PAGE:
Chapter

Introduction

Tim Clydesdale

in The First Year Out

Published by University of Chicago Press

Published in print May 2007 | ISBN: 9780226110653
Published online February 2013 | e-ISBN: 9780226110677 | DOI: http://dx.doi.org/10.7208/chicago/9780226110677.003.0001
Introduction

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This introductory chapter first sets out the book's purpose, which is to make sense of the first year out, for various sorts of teens, who head off into various settings, and who thus discover important things about themselves and the world. The book finds that most of the mainstream American teens neither liberated themselves intellectually nor broadened themselves socially during their first year out. Rather, most teens settled all the more comfortably into the patterns and priorities they formed earlier in their lives. What teens actually focused on during the first year out was this: daily life management. That is, they managed their personal relationships—with romantic partners, friends, and authority figures; they manage personal gratifications— including substance use and sexual activity; and they manage their economic lives—with its expanding necessities and rising lifestyle expectations. The chapter then discusses how popular American moral culture fosters teen preoccupation with daily life.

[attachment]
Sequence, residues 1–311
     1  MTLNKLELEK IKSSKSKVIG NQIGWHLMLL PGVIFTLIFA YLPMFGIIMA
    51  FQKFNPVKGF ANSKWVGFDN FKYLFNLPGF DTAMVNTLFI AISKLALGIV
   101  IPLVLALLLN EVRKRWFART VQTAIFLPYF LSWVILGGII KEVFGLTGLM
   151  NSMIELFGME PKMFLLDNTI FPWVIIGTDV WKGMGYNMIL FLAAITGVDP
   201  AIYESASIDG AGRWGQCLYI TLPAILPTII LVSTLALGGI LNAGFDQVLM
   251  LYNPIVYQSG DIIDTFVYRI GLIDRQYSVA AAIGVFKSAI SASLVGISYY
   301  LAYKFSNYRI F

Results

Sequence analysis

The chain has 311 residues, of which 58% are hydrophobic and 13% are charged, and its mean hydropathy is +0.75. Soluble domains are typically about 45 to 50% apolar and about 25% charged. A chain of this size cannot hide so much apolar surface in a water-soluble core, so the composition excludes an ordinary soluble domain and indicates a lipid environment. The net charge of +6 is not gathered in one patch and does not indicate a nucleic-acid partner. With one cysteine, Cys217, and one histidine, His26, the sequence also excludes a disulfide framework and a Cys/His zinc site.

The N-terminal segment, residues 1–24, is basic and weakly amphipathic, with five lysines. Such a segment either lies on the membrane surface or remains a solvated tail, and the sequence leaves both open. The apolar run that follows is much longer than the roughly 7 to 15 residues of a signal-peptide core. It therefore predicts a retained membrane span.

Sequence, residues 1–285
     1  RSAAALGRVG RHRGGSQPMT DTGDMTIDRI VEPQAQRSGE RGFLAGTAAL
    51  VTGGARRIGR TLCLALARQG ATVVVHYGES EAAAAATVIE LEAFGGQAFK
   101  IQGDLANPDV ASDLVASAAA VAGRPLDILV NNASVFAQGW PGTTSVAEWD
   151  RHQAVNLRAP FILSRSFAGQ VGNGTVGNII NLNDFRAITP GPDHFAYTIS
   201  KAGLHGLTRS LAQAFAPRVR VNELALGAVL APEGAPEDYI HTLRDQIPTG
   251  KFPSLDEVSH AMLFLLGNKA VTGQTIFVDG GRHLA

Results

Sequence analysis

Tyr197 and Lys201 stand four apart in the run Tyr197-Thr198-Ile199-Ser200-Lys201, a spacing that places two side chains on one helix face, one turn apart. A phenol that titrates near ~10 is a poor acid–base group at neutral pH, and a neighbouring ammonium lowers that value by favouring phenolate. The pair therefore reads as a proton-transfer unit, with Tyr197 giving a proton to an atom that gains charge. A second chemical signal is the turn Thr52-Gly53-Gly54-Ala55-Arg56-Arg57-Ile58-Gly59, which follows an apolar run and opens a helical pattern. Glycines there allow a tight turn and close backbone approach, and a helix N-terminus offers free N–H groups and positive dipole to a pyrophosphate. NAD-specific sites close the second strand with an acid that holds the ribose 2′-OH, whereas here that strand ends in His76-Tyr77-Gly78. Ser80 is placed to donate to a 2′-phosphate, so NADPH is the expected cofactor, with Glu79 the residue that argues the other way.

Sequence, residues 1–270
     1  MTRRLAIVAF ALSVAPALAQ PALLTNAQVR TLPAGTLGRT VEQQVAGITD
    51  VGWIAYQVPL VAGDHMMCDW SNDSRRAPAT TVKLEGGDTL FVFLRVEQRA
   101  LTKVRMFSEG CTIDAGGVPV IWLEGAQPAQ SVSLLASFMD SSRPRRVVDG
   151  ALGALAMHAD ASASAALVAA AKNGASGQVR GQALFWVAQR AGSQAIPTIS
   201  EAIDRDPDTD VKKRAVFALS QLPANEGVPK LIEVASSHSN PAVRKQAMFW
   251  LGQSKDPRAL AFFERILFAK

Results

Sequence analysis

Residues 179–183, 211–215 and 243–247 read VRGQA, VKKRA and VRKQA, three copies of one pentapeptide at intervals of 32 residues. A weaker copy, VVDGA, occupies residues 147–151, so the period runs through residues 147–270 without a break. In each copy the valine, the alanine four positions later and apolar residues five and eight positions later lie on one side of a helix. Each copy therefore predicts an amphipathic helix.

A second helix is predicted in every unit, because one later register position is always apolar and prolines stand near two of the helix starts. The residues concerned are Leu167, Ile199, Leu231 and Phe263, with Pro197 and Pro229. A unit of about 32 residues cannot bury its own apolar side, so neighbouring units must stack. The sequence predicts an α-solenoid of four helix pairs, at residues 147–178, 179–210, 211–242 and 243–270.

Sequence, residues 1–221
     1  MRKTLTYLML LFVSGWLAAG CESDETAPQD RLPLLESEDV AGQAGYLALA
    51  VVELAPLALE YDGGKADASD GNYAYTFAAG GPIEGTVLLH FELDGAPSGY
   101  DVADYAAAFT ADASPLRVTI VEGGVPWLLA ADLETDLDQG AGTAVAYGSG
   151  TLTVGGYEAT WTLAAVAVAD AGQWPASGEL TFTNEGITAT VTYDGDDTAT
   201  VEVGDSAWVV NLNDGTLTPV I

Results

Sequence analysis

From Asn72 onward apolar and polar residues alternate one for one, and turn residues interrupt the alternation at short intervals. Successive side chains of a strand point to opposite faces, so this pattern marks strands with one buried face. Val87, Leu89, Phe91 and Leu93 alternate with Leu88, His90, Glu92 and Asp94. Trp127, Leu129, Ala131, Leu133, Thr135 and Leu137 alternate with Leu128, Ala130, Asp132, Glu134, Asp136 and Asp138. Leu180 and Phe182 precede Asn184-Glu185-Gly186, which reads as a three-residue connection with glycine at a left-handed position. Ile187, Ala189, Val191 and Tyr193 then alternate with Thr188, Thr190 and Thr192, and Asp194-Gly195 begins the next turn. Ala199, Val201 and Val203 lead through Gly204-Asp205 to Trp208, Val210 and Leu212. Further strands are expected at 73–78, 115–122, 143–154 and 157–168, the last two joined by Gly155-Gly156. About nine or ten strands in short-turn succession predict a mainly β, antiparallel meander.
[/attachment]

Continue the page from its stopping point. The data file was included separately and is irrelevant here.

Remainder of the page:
Keywords: American teenagers; daily life management; personal relationships; personal gratifications; economic lives; moral culture

Chapter.  2539 words. 

Subjects: Sociology

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